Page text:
Bill would add taxpayers to list for juries in California

(Photo By Raymond Boyd/Getty Images)

Paying taxes in California could make you eligible for jury duty under a proposal backed by some prominent state lawmakers on Wednesday who worry the people deciding criminal and civil cases are “wealthier and whiter” than the population.

People selected for jury duty in California come from two lists: registered voters and people with driver’s licenses. But state Sen. Scott Wiener, a Democrat from San Francisco, said those lists miss a wide swath of the population, including many lower-income residents and people of color.

Wiener’s proposal would require county courts to also pull jurors from a list of people who paid their state taxes.

California has more than 27 million licensed drivers and more than 20 million registered voters. Last year, the state processed 18 million tax returns, according to state Franchise Tax Board. Many people file jointly or claim dependents who are 18 and older, so the number of people that would be eligible from that list is likely much higher.

“If you don’t have a jury of your peers, a jury that is truly a cross section of our diverse communities, it is very hard for someone accused of a crime to get a fair trial,” Wiener said.

Plus, California recently boosted state tax refunds for low-income filers, a move that will likely prompt more low-income people to file tax returns, according to state Sen. Nancy Skinner, a Democrat from Berkeley.

“Our juries now are whiter and wealthier than California residents as a whole,” she said.

California already expanded its jury pool last year when the Legislature passed a law making some convicted felons eligible for jury duty, with exceptions including people on parole or required to register as sex offenders because of a felony conviction.

At least 17 other states already use tax filers to select jurors, according to the California Public Defenders Association, which supports the bill.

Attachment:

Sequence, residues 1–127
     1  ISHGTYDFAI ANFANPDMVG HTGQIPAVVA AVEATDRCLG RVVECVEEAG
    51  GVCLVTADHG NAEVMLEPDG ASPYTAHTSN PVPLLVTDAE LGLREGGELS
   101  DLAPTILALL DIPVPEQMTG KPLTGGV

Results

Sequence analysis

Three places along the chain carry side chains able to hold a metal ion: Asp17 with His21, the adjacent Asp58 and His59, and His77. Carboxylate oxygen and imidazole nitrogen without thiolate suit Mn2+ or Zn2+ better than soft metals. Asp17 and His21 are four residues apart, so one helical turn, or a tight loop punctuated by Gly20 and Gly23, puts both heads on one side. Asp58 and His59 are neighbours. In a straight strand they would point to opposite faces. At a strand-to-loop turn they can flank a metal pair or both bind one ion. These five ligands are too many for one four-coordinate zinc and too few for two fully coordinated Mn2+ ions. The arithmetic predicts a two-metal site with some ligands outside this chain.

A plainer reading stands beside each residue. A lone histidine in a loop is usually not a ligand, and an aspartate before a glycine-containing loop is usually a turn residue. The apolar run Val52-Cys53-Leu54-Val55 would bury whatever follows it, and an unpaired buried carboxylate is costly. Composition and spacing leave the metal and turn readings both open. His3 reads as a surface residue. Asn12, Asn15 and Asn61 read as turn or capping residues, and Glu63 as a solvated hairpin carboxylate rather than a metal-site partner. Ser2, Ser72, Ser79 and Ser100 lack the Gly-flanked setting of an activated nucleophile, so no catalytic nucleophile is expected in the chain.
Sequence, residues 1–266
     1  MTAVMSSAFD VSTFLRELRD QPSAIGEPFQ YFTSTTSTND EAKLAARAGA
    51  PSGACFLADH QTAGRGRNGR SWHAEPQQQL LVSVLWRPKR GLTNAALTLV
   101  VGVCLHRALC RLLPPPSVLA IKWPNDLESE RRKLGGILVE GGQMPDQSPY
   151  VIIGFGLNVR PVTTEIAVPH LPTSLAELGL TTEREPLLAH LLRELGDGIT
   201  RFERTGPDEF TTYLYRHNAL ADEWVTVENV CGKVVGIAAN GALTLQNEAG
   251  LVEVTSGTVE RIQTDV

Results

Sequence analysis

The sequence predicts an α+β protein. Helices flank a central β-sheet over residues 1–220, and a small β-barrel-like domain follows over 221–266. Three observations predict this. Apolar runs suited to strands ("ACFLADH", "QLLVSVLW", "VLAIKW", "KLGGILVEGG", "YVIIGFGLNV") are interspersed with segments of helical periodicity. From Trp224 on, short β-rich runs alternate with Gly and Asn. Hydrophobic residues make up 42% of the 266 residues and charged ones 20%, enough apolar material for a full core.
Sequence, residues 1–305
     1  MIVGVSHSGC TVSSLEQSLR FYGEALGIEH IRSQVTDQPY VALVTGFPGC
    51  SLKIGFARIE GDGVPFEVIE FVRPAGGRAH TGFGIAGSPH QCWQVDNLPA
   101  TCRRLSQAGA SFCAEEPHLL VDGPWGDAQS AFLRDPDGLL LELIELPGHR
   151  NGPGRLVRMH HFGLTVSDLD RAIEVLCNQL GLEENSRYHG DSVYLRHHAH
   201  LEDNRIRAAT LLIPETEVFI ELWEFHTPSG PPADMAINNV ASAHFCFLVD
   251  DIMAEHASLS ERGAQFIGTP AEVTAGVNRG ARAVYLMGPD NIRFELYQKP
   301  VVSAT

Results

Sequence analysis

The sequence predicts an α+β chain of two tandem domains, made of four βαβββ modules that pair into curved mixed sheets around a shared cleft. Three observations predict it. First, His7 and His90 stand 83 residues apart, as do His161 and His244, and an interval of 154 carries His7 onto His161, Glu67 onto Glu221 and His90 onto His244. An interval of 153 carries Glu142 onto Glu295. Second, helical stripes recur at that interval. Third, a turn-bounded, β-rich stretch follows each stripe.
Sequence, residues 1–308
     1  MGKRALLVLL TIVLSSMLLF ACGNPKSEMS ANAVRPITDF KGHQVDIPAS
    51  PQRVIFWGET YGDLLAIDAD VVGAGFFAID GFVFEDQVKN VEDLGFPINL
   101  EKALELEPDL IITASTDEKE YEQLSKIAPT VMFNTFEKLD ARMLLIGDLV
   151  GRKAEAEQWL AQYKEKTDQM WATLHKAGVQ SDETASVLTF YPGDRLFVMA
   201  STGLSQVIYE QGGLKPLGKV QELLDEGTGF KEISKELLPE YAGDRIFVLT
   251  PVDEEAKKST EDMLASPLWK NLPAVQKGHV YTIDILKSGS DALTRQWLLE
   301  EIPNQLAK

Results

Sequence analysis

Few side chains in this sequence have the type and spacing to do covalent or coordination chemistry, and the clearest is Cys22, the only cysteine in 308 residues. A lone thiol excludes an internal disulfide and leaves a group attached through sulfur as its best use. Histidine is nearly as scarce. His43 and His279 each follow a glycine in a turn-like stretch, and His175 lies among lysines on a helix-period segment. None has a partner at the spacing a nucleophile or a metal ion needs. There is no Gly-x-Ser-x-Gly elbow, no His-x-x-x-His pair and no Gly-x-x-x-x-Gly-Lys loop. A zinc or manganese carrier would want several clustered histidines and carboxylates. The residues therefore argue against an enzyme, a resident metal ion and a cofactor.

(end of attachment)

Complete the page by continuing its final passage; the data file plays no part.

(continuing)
Larry Morse, legislative director of the California District Attorneys Association, said he hasn’t seen the bill. He said prosecutors support the idea of “casting as wide a net as possible” in jury selection, but he worried the Legislature was moving too quickly in a pandemic-shortened session to pass bills without properly reviewing them.

“Many of us are deeply concerned that there are wholesale changes in bills that are being made in the midst of this consuming health pandemic and no one has had an adequate opportunity to examine them in detail,” he said.

The bill is one of several in the state Legislature aimed at combating racial injustice after the killing of George Floyd in Minneapolis on Memorial Day. Floyd’s death while in police custody prompted worldwide protests, including extensive demonstrations in California that resulted in Gov. Gavin Newsom declaring an emergency in Los Angeles and deploying the National Guard.

The protests have revived many racial justice proposals in the state Legislature that have been stalled for years. Last month, lawmakers agreed to allow voters to decide whether to let local governments and public colleges and universities consider race in their admissions and hiring decisions, a practice that has been banned since a voter approved constitutional amendment in 1996.

Bills endorsed by the Legislative Black Caucus would allow for independent investigations of police killings and prevent officers fired for bad behavior from being hired at another department.

Some bills go beyond the criminal justice system. Legislation from Democratic Assemblyman Chris Holden would require publicly held companies headquartered in California to have at least one person on their board of directors by 2021 who identifies as African American, Hispanic or Native American.

“Corporations have money, power, and influence,” Holden said. “If we are going to address racial injustice and inequity in our society , it’s imperative that corporate boards reflect the diversity of our state.”

But some bills have hit roadblocks. A bill by Assemblyman Mike Gipson that would ban police from using a neck hold that blocks the flow of blood to the brain got a rare public endorsement from Newsom. But the California Police Chiefs Association withdrew its support for the bill last week, saying the bill was too vague and would not give law enforcement agencies enough time to train officers on the new standard.